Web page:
McCabe's game sank to a new low

STEVE SIMMONS -- Toronto Sun

, Last Updated: 4:05 PM ET


 When the door to the Maple Leafs room finally opened, there stood Bryan McCabe in partial dress, not nearly as naked as he had seemed on the ice.

 Not nearly as fragile or pathetic as his performance as in yet another sorry Philadelphia story for the Leafs at the Wachovia Center. But just as alone as he had left his teammates.

 "You can put the loss square on me," said McCabe, who faced the post-game music with far more composure off the ice than he managed on it. "It was probably my worst game as a professional."

 His second worst game may have come in Game 4.

 Yesterday, had McCabe fallen out of bed during his pre-game nap, he likely would have missed the floor. He was that disastrous. And he was the mirror for as terrible a time as it was for the Leafs. He led, and his teammates sadly followed.

 It's one thing to lose a game. It's another to lose your mind. And your composure. And your competitive spirit. And maybe your reputation.

 And it's worse when a player some have considered among the best defencemen in the NHL, has his first three-point period of the playoffs, but all three points ended up in his own goal.

 "I hope (I can bounce back)," McCabe said. "It can't get much worse than tonight."

 No, it can't.

 There are photos on the wall above the lockers in the Philadelphia dressing room, individual pictures of the players honoured in the Flyers Hall of Fame. And there is no truth to the rumour they may be making room for McCabe's photo next. But if there are any more games like yesterday, they might consider it.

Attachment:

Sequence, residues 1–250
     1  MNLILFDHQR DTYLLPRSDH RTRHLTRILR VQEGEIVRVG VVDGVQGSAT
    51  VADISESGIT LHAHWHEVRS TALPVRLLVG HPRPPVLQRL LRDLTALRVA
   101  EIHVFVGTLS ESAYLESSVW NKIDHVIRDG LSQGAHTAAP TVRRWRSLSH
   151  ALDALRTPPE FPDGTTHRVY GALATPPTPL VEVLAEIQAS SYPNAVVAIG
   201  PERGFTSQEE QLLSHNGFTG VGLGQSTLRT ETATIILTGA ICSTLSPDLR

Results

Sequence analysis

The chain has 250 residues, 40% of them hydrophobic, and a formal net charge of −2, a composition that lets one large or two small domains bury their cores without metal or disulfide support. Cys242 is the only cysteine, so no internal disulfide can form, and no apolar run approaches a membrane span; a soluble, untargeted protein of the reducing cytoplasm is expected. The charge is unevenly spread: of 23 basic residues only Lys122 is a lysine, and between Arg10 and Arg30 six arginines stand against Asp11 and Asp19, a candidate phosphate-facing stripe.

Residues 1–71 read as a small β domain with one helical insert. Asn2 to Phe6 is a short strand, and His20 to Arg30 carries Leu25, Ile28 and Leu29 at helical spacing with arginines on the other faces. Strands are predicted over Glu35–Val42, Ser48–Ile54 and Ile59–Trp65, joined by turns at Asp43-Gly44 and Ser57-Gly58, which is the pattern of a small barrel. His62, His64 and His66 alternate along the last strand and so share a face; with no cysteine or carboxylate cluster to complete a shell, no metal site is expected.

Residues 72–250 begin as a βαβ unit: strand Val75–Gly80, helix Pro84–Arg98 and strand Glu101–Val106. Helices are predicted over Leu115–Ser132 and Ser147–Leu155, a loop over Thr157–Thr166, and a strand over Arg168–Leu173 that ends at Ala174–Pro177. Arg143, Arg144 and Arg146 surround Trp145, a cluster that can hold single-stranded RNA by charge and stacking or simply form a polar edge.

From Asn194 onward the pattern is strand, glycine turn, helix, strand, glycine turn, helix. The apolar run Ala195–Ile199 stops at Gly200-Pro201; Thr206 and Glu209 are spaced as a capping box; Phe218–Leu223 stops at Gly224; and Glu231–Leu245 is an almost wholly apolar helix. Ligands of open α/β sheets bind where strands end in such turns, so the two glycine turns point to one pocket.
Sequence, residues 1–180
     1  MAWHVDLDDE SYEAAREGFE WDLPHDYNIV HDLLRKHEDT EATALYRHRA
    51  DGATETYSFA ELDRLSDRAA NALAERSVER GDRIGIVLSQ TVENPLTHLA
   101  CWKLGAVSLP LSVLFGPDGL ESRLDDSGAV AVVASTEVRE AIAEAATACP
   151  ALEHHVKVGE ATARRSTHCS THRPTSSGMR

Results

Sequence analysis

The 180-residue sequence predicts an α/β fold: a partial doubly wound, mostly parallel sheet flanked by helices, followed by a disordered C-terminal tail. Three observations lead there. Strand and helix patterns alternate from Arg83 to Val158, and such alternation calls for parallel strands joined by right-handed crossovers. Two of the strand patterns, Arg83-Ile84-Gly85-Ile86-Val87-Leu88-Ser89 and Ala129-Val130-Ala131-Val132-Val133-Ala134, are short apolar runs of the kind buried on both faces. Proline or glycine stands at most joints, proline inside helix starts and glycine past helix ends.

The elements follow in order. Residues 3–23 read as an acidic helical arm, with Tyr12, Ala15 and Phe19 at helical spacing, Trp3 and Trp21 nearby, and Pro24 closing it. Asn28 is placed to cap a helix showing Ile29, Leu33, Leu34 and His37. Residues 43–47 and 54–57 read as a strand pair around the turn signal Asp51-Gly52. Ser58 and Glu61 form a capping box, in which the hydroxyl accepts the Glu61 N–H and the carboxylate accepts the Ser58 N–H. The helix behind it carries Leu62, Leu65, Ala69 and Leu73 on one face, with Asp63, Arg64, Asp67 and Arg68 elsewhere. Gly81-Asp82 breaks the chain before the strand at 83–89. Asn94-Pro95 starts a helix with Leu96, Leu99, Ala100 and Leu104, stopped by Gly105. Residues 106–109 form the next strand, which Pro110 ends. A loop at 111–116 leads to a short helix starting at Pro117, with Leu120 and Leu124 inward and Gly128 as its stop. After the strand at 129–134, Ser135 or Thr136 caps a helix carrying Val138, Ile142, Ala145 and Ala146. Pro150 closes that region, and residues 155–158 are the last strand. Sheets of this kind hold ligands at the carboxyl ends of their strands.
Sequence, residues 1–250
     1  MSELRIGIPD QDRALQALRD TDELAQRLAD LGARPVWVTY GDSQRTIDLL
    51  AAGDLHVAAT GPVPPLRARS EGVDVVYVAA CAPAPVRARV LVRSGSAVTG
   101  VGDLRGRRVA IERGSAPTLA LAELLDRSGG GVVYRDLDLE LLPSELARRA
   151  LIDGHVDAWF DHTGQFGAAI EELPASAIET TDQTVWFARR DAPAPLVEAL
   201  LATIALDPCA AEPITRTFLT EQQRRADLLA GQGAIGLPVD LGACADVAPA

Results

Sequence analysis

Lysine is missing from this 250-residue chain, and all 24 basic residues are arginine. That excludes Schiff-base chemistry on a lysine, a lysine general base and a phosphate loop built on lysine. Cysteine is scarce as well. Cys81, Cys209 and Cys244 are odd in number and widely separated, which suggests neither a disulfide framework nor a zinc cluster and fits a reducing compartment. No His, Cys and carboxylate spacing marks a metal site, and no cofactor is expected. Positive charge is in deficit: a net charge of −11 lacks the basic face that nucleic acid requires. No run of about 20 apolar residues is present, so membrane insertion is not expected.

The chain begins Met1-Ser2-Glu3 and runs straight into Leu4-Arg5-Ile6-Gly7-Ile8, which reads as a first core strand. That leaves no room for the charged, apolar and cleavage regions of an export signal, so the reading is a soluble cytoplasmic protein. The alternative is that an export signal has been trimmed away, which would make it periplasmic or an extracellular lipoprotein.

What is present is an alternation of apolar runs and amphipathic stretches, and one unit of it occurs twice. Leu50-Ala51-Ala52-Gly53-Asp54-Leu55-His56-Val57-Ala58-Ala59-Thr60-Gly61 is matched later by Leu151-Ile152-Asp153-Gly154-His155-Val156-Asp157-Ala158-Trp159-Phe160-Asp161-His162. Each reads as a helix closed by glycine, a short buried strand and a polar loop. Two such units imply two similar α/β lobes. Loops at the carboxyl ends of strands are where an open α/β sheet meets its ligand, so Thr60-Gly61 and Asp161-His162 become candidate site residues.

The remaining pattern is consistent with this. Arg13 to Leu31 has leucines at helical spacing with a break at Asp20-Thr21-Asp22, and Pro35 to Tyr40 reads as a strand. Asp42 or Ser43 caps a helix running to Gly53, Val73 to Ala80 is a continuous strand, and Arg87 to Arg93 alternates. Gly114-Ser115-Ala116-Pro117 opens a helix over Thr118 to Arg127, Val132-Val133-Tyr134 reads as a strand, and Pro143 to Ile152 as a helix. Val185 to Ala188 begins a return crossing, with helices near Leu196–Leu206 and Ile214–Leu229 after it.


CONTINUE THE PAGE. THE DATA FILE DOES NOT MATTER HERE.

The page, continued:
In truth, McCabe might have been alone in the dressing room, but he wasn't alone in saving his worst possible performance for as significant a game as this. His partner, Brian Leetch, played as soft as tissue. The Mats Sundin-Gary Roberts-Alexander Mogilny trio was overwhelmed by Flyers' big centre Keith Primeau.

 "We looked like Swiss cheese out there," said coach Pat Quinn, insulting the cheese family in the process. "I just don't know what happens to guys who have egregious sort of errors. You think never in a playoff game should those things happen.

 "It is two games in a row (for McCabe). It is clearly out of pattern for him. Maybe the one (giveaway) from the other night caused the one tonight. The fear factor, that happens in a players' mind.

 "This is a team game and it's not about one person, but sometimes one guy has a bit of trouble. When you focus on things that could go bad, they do go bad."

 In fairness, McCabe may have begun the avalanche, but the seats were all occupied on the ride downhill. Ed Belfour allowed six goals on 18 shots -- his weakest playoff performance since, uh, Game 7 last year here.

 He didn't make one big stop. Quinn didn't exactly help matters either. With the Leafs overwhelmed early and the score 2-0 before the game was six minutes old, he could have called time out and at least taken some of the energy from the wild Flyers crowd. Instead, he didn't react and his team didn't react.

 "The emotion in the (home) building is like a downhill ski run," Flyers' coach Ken Hitchcock said. "If the emotion starts to snowball for the home team, it seems to equally unravel for the visiting team."

 It has happened here three times for the Leafs this series, but none as unsettling as this 7-2 defeat. It has happened twice to the Flyers at the Air Canada Centre.

 "We need to put this behind us," McCabe said.

 And that is the challenge for he and his teammates. A daunting challenge for a player exposed and unnerved on the worst afternoon of his hockey life.


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